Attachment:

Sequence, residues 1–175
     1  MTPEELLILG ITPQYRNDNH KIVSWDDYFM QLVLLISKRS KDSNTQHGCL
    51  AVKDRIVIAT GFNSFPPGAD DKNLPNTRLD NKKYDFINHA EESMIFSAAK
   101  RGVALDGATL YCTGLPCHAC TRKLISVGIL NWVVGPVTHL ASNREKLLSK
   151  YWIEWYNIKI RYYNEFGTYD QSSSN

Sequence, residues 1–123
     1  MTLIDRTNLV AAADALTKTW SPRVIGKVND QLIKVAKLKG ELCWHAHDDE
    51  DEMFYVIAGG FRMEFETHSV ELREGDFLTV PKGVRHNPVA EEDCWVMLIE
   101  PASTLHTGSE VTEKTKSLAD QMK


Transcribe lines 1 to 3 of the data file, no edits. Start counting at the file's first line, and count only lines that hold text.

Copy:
Sequence, residues 1–175
     1  MTPEELLILG ITPQYRNDNH KIVSWDDYFM QLVLLISKRS KDSNTQHGCL
    51  AVKDRIVIAT GFNSFPPGAD DKNLPNTRLD NKKYDFINHA EESMIFSAAK